The nature of the construction industry means that progress is not always in a straight line and contractual provisions can often be relaxed, or even ignored, in an attempt to keep the project moving forward.
So, what are the consequences if: payments are made for a late payment application; variations are accepted without daywork sheets being signed; or if a claim is agreed without it being notified in accordance with the contract?
In these instances, if a pattern of these actions can be established, this may prevent the employing party from enforcing the strict contractual provisions – such as the condition precedents often associated with the notifications for claims under a construction contract.
In other words, if a party, through its conduct, has led another party to believe that an action (such as issuing a payment application late) is acceptable, it cannot then challenge a payment application that was submitted late on the basis that it was not submitted in accordance with the timing provisions of the contract. This is known as estoppel by convention.
For estoppel by convention to arise, some conditions must be fulfilled, they are as follows:
When these conditions are satisfied, the parties can create a convention which binds their future conduct. As a result, a party may be liable for its failure to act in accordance with the convention that was established by its previous acts and may be prevented (i.e estopped) from enforcing what would otherwise be its contractual rights.
Estoppel by convention was one of the arguments raised in the well-known TCC case of Leeds City Council v Waco UK Ltd  EWHC 1400 (TCC) (22 May 2015). In this case, twenty-four applications for payment were made by WACO UK Limited (“WACO”), fifteen of which were issued after the contractual payment claim date but subsequently paid by Leeds County Council (“LCC”).
The judge found that a convention had formed whereby LCC had agreed to accept applications for payment that WACO had issued late, and because of this, LCC would have been unable to reject or challenge any late applications. Obviously, there would be some limitations to this, for example there is a difference between accepting a payment application a day late and a month late, so the extent of any contractual relaxation will be a limiting factor.
While this finding did not ultimately contribute to the judgement reached, it provides a clear example for when an estoppel by convention argument may arise during a construction contract.
The difficulties for a party seeking to rely on an estoppel by convention argument will be in proving that a common assumption has been shared between the parties. This is subjective and not always immediately clear.
In the previous payment example above, this may prove simpler when there is a consistent record of payment correspondence between the parties, however, when it comes to more impromptu events such as notifications for additional time and money claims or the agreed valuation of variations, the challenge will be much greater. As the Judge in WACO stated, “One swallow does not make a summer” – so one act is insufficient to establish a course of dealings.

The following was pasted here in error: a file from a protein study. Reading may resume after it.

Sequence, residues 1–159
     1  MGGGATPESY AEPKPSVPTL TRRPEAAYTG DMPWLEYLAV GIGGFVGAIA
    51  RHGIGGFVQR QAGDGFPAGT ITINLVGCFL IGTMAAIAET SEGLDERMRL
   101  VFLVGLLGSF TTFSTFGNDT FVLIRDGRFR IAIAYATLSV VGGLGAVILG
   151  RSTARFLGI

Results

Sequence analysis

Nonetheless, our advice remains the same: ensure you are adhering to the contractual provisions and keep detailed contemporaneous records under your contract and you will be better placed to fulfil the burden on any contractual claim.
Like any legal doctrine or principle, there are some limitations to the estoppel by convention doctrine that you should be aware of:
a) You will remain liable for any statutory obligations, so failing to enforce a Health and Safety obligation will not entitle a contractor to escape liability;
b) Estoppel cannot be a cause of action, only as a defence, in the payment examples above, this means it can only be used to resist the denial of the application’s validity, not to assert the application is valid (subtle but there is a difference);
c) Estoppels are not eternal, and they can come to an end if it is communicated that the common assumption will be ended; and
d) Non-waiver clauses incorporated into many amended forms of contract will attempt to ensure that no action by a party can constitute a waiver of any such provision or create an estoppel to enforce such provision in the future – although there are ways to argue around this.
As mentioned above, the overriding objective of the doctrine of estoppel by convention is to “mitigate the rigours of strict law” and to provide complete justice when the actions of the parties are fully considered, so despite its limitations, it still remains a viable remedy – particularly for payees under a construction contract.
In my experience, estoppel by convention is a frequent argument raised in contentious construction disputes, especially in relation to the rejection of claims under notification or time bar provisions. Often, contemporary records can show that previous non-notified claims were accepted – potentially forming a convention. This often results in claims being due (whether it be decided by an adjudicator or otherwise) even though such claims were not notified correctly.
The key takeaway is simple: the contractual provisions within your contract can be altered by conduct between parties. This may be seen as somewhat of a redeeming feature for some, for others this may be a cause for concern.
If a project team member has acted outside of your contract, maintained this position for an extended period of time and is now attempting to revert from that position, please get in contact with us for some detailed advice on how to deal with your particular situation.
If you have any questions on the matter, please contact Micheál O’Shea at:
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